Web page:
Source:Financial Times

Mongolia Picks Four Banks for Coal IPO


HONG KONG—Mongolia has chosen four banks to manage the multibillion-dollar initial public offering of the world's largest coking coal deposit, people familiar with the matter said.

Goldman Sachs Group Inc., Deutsche Bank AG, BNP Paribas SA and Macquarie Group Ltd. won the battle among bankers to handle the IPO of state-owned Erdenes-Tavan Tolgoi Co. which controls the coal deposit in the South Gobi desert near China's northern border, the people said.

The government plans to sell up to a 30% stake in Erdenes-TT, as it is known, to international investors and an additional 10% to local companies, as well as give away 10% to Mongolian citizens. It would continue to hold about 50%. The shares are likely to be dual-listed on the Mongolian Stock Exchange and an overseas market, possibly Hong Kong or London.

The bankers could rake in substantial fees from managing the sale, which could value the company at US$10 billion to US$12 billion. However, it isn't yet clear which of Erdenes-TT assets will be included, who will mine the deposit and how much in royalties the operator pay, making estimates on the size of the deal little more than educated guesses for now.

The banks competed aggressively to manage the deal, in part because it is Mongolia's biggest share sale to date and partly because it could lead to more mandates as Mongolia's fledgling democratic government privatizes more mining assets to enrich its 2.9 million citizens, many of whom live in poverty.

Bankers noted the line-up could still change ahead of the IPO, with firms such as J.P. Morgan Chase & Co. and Citigroup Inc. lobbying hard for inclusion based on their experience handling Mongolian mining IPOs.

Consultancy McKinsey & Co. has been advising the government on its privatization plans, people familiar with the matter said.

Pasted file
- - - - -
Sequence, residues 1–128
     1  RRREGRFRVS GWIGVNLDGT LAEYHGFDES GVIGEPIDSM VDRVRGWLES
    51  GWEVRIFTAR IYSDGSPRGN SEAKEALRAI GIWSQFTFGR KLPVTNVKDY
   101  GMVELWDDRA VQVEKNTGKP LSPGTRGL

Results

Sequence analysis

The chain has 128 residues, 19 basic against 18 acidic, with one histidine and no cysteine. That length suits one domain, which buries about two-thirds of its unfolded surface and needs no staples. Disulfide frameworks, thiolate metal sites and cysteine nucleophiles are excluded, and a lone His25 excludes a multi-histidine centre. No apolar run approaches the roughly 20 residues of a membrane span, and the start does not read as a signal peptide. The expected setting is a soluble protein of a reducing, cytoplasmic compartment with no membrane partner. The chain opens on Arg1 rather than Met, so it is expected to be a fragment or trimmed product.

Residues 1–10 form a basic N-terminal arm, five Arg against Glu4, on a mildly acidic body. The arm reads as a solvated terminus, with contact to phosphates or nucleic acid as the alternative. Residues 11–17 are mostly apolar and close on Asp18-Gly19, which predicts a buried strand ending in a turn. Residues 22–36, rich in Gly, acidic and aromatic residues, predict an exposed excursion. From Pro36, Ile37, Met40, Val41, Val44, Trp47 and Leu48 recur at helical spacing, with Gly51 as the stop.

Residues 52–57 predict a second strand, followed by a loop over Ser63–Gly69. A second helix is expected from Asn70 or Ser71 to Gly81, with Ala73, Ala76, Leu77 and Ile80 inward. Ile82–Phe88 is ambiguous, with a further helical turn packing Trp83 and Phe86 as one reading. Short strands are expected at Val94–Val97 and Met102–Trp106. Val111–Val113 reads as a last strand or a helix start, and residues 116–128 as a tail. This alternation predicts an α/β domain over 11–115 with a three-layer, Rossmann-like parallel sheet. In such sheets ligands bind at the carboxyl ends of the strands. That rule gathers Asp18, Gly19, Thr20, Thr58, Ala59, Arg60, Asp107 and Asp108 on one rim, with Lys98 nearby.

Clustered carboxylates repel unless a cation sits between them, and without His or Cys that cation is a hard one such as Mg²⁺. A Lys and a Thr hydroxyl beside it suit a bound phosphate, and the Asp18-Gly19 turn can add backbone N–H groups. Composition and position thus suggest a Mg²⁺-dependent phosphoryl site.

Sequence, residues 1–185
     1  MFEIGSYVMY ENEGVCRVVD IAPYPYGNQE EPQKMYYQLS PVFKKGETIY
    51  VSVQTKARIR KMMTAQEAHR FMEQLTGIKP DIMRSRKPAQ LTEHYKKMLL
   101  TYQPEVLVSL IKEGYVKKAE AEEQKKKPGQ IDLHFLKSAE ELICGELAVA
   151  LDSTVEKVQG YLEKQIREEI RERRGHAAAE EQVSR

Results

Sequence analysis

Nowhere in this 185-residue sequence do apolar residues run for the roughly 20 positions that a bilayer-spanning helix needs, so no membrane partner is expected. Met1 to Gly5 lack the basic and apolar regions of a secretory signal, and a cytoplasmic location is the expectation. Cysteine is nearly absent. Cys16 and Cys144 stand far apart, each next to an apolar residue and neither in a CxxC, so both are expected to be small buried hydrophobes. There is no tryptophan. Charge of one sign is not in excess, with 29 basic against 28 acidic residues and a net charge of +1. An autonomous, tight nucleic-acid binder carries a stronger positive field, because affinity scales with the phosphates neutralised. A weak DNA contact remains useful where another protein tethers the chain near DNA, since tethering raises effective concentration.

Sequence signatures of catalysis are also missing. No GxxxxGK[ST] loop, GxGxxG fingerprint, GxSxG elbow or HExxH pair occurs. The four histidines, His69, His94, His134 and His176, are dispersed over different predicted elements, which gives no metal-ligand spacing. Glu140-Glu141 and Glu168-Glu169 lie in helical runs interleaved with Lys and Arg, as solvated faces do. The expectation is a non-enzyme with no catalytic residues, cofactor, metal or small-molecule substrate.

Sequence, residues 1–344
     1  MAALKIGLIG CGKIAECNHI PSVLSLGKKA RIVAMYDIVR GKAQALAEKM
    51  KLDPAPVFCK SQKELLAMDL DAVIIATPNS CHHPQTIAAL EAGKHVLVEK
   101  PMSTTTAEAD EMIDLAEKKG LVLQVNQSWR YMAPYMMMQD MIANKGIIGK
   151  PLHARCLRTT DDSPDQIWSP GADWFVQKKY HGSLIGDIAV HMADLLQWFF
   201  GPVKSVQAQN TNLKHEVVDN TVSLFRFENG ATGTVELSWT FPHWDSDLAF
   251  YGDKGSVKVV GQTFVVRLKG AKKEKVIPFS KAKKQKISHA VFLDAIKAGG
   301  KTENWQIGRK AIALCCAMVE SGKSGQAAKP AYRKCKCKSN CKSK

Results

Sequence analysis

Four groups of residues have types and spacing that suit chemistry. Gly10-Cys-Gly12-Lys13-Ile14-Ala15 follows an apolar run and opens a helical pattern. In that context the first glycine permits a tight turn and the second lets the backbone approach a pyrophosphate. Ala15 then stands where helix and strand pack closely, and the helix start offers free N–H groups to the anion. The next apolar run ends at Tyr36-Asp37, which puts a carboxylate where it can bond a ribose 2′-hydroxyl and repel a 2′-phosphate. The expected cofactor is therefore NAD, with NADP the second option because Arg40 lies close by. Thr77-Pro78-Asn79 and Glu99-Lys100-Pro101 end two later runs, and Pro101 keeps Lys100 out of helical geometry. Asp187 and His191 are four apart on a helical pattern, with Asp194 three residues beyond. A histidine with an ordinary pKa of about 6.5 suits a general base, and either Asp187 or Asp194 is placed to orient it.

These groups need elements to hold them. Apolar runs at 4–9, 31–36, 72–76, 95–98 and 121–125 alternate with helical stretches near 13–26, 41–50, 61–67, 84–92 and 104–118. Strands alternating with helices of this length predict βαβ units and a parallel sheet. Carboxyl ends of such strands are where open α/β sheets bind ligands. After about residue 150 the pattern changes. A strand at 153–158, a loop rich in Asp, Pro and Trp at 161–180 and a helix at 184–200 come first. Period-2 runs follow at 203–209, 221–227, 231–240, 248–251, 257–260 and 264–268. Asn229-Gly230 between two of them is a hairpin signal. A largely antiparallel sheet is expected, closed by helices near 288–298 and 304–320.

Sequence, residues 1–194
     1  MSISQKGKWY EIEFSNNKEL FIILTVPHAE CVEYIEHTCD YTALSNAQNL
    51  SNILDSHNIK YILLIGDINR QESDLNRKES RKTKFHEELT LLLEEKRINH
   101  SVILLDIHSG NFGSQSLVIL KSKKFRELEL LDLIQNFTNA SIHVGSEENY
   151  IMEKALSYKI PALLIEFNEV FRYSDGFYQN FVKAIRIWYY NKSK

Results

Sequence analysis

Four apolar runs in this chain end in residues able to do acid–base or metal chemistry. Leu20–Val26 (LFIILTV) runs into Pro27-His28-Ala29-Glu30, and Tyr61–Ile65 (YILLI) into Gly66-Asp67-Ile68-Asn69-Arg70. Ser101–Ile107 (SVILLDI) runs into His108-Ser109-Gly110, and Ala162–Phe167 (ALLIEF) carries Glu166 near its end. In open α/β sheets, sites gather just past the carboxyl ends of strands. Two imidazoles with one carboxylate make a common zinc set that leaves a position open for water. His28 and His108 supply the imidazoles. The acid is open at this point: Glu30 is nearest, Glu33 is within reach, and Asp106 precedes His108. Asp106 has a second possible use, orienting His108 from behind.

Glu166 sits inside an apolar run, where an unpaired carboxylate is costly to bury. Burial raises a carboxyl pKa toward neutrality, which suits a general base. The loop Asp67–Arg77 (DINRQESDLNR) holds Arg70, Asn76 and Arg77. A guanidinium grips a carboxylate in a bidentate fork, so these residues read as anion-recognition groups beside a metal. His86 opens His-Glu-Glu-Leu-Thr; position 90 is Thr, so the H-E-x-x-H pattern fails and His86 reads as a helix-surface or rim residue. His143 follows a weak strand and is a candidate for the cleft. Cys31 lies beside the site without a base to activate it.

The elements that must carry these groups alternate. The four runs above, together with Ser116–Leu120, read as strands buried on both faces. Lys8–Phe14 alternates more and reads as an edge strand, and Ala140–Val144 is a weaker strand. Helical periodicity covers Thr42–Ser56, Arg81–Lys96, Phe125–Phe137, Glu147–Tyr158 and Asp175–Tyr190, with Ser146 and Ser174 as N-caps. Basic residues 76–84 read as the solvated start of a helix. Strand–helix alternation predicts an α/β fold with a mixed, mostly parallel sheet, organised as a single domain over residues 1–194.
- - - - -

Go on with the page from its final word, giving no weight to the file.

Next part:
The government has set a deadline for completing the listing before year's end—a target some bankers call too aggressive given the amount of work that still needs to be done. Still, appointing the banks could make it more likely that the government hits its target, which is ahead of elections due next year. Decisions are likely to be taken swiftly on the logistics of the share sale and on which assets to include.

The project on the ground will remain a huge undertaking that may take years to complete and will involve building mining infrastructure, as well as massive road and railway networks to transport the coal. Only after an operator is selected can there be any estimates of when the first coal could come out of the ground.

The Tavan Tolgoi deposit has about six billion tons of coal reserves, according to both the government and mining data firm Raw Materials Group. At least a quarter of the supply is coking coal, which is used in making steel.

The government is due to award a contract license for the eastern half of Tavan Tolgoi shortly. The state is also soliciting offers to develop the western part of the deposit. Erdenes-TT is likely to receive royalties from the concession operator, although how much is still unknown. China's Shenhua Group and Peabody Energy Corp. of the U.S. are among the leading contenders, said another person familiar with the matter.
—Prudence Ho contributed to this article.

Source: The Wall Street Journal


GTSO Pursues Rare Earth Transport Agreement with Russian Railways

Green Technology Solutions, Inc. (OTCBB: GTSO) announced today that the company has approached freight services provider Russian Railways regarding the transport of rare earth ore from Mongolia to the international seaport of Vladivostok, Russia.

GTSO and Rare Earth Exporters of Mongolia announced the formation of a joint venture earlier this month to procure rare-earth mining claims and operations in Mongolia. The joint venture plans to convey Mongolian mining products overland to railway for transport to Vladivostok in order to avoid shipping through China. Destination ports for these mining products are set to include the U.S., Japan and South Korea.